No sooner do the chestnuts fly and the maples start to unravel than this woman’s thoughts turn to her holiday lists: gifts, cards, menus, invitations, garden clean-up, family visits, charitable giving. It’s been said that the way to win a war is to ask a woman to run it. For many of us, this time of year takes on the semblance of a battle plan. It’s a race against time, to fulfill every to-do while maintaining borderline sanity.

I’ve wised up, though, thanks to a dear and sensible older friend who handed me her notes from an Advent retreat she attended years ago. I share them today for the benefit of women everywhere.

Before we set off on the path towards Bethlehem, coupons and wish lists in hand, let us pause at the home of those two indomitable sisters, Mary and Martha. Every year, the Jews of Jesus’ time celebrated a post-harvest festival, the Feast of the Tabernacle. This was no small affair. It was a seven-day thanksgiving blowout; out-of-town pilgrims set up small tents and booths around the temple environs as accommodations and to commemorate their time in the wilderness. On the year in question, Martha invited Jesus and his disciplines to stay with her and her sister at their home in nearby Bethany.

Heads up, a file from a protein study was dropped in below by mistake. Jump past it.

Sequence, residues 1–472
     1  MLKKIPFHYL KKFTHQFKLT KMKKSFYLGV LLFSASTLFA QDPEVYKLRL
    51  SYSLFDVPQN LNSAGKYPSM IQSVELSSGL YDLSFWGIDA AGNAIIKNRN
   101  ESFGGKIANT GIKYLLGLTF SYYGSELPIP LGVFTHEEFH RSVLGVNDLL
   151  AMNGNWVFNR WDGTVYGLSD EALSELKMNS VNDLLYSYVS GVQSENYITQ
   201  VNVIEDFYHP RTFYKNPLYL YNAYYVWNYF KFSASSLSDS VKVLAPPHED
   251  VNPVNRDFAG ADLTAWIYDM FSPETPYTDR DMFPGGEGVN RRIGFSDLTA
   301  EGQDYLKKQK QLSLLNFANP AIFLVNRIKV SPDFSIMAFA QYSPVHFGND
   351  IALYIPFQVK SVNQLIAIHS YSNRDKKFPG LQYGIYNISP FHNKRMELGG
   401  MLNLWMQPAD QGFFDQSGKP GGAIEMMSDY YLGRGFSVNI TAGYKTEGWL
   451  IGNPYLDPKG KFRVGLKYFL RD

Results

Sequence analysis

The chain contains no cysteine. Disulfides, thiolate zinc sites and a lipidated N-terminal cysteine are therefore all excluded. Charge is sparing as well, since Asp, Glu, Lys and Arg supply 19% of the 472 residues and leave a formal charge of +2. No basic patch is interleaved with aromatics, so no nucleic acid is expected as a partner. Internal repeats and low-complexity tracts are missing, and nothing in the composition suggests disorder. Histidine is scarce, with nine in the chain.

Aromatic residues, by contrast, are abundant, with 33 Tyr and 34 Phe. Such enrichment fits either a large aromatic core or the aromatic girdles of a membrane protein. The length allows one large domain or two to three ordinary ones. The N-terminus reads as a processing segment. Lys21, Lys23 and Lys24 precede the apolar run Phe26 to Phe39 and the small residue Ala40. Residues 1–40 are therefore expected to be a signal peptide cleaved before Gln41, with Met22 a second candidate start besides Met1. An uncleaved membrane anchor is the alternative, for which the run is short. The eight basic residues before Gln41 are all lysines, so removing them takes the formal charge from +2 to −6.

It is just what I would have done. “Bring the cousins,” I’d add. “And don’t worry about fish or olives — I’ll take care of everything.”

Our 1st century Martha Stewart then went to town, cooking, cleaning, airing out the linens. In her patriarchal society, this was the best — indeed, the only way — for a woman to earn points, fulfilling her domestic duties as perfectly as possible.

The whole entourage arrived. While Martha was solo in the kitchen brewing up a stew of virtuous resentment, her sister Mary had become so entranced by Jesus’ presence and teachings that she broke rank. No setting the table for her. She sidled into the living room and sat with the men, in rapt attention.

We know how the story ends. As Luke’s gospel tells the tale, when Martha complained to Jesus about her sister’s lack of appropriate hostess skills, he replied, “Martha, you are worried and distracted by many things, but only one thing is needed. Mary has chosen the better part …”

Hmm. Surely he can’t mean: Blessed are those who opt out and buy frozen pies?

At my friend’s retreat, the women came up with a list of pre- and post-holiday duties that they routinely performed to make Thanksgiving and Christmas festive, abundant, and memorable — things the men in their lives are barely aware even happen. I won’t reproduce it here; my female readers have already pulled up their own mental checklists. Suffice it to say that it came to 75 separate tasks.

None of these tasks read: Sit by the fire. Bask in the circle of family and friends. Practice gratitude.

* * * * *

The various faith communities in which I travel these days are busy places, too, and they seem to get busier every week. Committees, task forces, new outreach initiatives, newsletters, more and better enrichment opportunities. We take pride in the growing numbers in our pews and programs. It’s a sign of life, we say, of renewed vigor and purpose.